As Neil Young once sang, “the summer ends and the winter winds begin to holler all around the bend…”
Yes, it’s that time of year once again when the cooler weather sets in and the truly cold and snowy months of winter loom ever closer on the horizon. Residents of the northern half of North America have long found respite from winter’s chill by fleeing to the southern half.
Snowbirds are already preparing for the journey south for the annual escape to the sub-tropical climates in southern states that include Florida, Arizona, Texas, and California.
Following are several key tips to keep in mind as you prepare for your journey to gorgeous coastal regions, inland escapes, or breathtaking desert areas.
RV and Tow Vehicle/Toad Preparations
Ensure that your RV and tow vehicle or toad are in top operating condition before leaving for your winter destination by following several practical tips:
- Have a local auto shop inspect your tow vehicle/toad before departing; you never know if you may have missed something and it’s always a good precaution to take
- Have a local RV service center inspect tires, brakes, axle bearings, and other moving parts
- Check the air conditioning to ensure it is working properly. A broken air conditioner in a hotter climate makes for an uncomfortable snowbird experience
- Add tank cleaner to your rig’s waste tanks
Winterize Your Home
Preparing your home for an extended absence requires thorough thought and planning. Before heading south for the season, snowbirds must take steps to secure and winterize their homes.
Check with your insurance agency to determine how extended absences may affect coverage. Determine if your insurer requires a regular walk-through during your absence and if so, how frequently.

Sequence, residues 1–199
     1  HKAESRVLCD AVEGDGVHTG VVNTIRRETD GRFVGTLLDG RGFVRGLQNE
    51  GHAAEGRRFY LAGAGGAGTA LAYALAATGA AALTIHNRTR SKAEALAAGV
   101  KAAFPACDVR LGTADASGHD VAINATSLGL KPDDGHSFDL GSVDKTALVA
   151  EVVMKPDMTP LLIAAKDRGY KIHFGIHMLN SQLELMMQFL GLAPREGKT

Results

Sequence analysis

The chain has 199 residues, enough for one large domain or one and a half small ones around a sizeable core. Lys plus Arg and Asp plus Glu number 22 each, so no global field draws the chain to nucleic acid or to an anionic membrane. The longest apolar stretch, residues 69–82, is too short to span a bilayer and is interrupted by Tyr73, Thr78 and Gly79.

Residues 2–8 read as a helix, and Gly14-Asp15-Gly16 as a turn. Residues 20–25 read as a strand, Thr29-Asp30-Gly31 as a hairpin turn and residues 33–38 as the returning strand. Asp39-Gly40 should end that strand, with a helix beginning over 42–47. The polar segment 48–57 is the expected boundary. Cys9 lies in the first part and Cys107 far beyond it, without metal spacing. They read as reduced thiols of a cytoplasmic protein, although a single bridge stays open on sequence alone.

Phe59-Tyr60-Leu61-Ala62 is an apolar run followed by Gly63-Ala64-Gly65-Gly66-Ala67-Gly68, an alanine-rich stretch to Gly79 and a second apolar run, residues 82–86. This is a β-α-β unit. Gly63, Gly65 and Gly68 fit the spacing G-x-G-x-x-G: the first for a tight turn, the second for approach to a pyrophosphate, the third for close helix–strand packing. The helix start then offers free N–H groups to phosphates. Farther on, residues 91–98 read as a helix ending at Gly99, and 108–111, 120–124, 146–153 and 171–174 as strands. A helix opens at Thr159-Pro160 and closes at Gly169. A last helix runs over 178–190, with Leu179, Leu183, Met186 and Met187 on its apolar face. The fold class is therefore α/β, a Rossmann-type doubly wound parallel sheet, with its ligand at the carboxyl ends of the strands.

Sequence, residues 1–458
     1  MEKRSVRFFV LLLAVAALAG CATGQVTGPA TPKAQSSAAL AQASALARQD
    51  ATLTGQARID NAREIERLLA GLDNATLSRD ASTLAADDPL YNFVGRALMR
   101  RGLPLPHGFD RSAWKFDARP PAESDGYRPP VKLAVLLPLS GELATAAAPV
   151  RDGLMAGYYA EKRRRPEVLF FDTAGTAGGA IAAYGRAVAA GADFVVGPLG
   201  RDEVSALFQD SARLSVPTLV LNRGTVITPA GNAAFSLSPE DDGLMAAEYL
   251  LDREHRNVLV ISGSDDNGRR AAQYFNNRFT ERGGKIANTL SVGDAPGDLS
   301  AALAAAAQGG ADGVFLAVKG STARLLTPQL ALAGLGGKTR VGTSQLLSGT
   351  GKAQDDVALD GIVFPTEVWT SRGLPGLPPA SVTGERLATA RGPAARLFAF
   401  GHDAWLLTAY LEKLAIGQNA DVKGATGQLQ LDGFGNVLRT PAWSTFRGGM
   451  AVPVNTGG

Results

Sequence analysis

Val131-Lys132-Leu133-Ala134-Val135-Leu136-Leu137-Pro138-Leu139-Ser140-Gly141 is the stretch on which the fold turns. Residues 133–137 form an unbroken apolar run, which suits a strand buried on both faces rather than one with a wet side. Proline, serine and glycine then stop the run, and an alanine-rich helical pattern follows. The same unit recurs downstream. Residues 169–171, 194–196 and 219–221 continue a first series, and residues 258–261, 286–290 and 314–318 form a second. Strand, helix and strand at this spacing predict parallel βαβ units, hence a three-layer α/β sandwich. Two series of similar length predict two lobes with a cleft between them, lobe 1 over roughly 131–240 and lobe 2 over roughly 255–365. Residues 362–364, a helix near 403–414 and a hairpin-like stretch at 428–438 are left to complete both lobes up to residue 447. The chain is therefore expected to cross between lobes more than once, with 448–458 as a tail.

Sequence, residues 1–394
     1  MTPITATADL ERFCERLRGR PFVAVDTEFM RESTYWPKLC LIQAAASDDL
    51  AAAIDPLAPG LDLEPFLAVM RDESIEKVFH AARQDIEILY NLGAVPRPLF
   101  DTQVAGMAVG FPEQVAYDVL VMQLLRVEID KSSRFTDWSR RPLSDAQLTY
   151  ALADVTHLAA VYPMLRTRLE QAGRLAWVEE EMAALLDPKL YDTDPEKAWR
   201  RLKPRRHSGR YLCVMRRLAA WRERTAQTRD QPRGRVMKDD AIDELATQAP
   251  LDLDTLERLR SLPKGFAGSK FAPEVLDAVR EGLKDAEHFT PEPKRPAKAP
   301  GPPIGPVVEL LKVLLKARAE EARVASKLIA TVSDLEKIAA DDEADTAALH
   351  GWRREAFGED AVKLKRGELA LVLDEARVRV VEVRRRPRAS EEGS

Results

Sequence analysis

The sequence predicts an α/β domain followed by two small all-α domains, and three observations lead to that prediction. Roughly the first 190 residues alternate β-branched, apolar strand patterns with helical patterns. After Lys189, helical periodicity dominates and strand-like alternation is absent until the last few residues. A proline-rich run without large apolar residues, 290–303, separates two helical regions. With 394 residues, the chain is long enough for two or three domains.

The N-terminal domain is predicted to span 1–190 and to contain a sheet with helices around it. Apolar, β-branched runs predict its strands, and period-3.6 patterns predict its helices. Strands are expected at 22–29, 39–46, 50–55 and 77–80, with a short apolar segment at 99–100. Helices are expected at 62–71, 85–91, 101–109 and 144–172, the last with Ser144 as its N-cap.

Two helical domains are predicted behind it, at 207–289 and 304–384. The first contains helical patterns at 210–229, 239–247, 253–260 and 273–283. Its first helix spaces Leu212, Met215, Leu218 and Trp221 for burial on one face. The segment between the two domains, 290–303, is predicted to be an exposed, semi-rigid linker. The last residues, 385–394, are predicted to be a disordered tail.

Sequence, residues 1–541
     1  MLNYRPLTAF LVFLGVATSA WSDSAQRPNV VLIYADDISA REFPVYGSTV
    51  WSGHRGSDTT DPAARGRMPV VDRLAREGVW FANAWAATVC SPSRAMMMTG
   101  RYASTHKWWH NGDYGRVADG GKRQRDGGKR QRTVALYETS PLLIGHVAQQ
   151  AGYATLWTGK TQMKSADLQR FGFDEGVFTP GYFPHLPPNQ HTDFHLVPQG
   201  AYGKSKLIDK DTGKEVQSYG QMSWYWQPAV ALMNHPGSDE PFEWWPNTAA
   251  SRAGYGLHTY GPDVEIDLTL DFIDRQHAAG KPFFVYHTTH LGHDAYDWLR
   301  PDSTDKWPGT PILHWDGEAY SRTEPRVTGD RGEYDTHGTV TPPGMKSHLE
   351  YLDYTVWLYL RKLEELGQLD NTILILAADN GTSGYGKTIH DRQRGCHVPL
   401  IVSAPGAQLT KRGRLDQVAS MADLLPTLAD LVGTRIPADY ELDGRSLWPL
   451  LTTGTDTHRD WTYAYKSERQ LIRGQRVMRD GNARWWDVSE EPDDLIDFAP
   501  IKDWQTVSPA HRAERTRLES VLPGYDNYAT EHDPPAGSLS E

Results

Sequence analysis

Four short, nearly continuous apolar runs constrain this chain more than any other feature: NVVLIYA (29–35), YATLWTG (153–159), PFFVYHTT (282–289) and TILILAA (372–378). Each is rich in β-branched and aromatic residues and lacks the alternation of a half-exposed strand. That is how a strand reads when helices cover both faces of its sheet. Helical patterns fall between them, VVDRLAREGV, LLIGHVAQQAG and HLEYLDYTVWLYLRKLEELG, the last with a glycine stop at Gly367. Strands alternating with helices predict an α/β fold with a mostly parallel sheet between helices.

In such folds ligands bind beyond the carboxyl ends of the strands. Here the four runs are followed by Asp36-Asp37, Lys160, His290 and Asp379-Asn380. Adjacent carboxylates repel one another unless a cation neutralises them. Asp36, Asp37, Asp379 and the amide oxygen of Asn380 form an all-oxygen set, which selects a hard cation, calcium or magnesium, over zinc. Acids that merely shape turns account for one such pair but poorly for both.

Arrange with a mail forwarding service to have your mail forwarded to your winter destinations.
Arrange with a neighbor, relative, friend, or snow removal service to keep your sidewalks clear of the white stuff that Northerners know all too well.
Ask a friend, neighbor, or relative to be the contact person for your home. The contact person should have access to your home. It’s important to have someone check your home on a regular basis, remove sales flyers, be available in emergency situations, and make repair appointments if necessary. Your home should look like someone is living there.
Turn down the thermostat on your heating system.
Unplug lamps, TVs, radios, and all electric appliances.
Adjust the gas water heater thermostat to “pilot” or turn it off. Turn off the water supply at the main valve. Upon returning home, relight the pilot if you turned it off, and gradually turn the thermostat to the appropriate setting. Don’t forget to turn the water back on before restarting the water heater.
Check outdoor security lights to ensure the motion sensors are functioning correctly.
Finally, lock all windows and doors, and activate the alarm or security system.
Pack the RV
The best way to ensure you have stowed aboard you RV all the essential items is to use a checklist. Following is a starting point for creating your own personal checklist:
- Clothing for all types of weather
- Fully stocked first aid kit
- Tool box (stow on curb side of RV)
- Essential house wares (dishware and utensils, cooking supplies, garbage bags, cleaning supplies, fire extinguisher, batteries, LED flashlights)
- Technology (smart phone, laptop, tablet, ebook reader, printer, camera, batteries, battery chargers)
- Outdoor recreation/hobby items (hiking boots and poles, fishing poles, cameras and camera supplies and equipment, knitting/quilting/sewing supplies)
In addition to all of the usual preparations, Canadian snowbirds must deal with extra details that include:
- Passports and other travel documents
- Extended health care insurance (Don’t leave home without it!)
- Smart phone and internet service
- Buying U.S. dollars/U.S. dollar credit card
I’ll take heat rash over frost bite any day.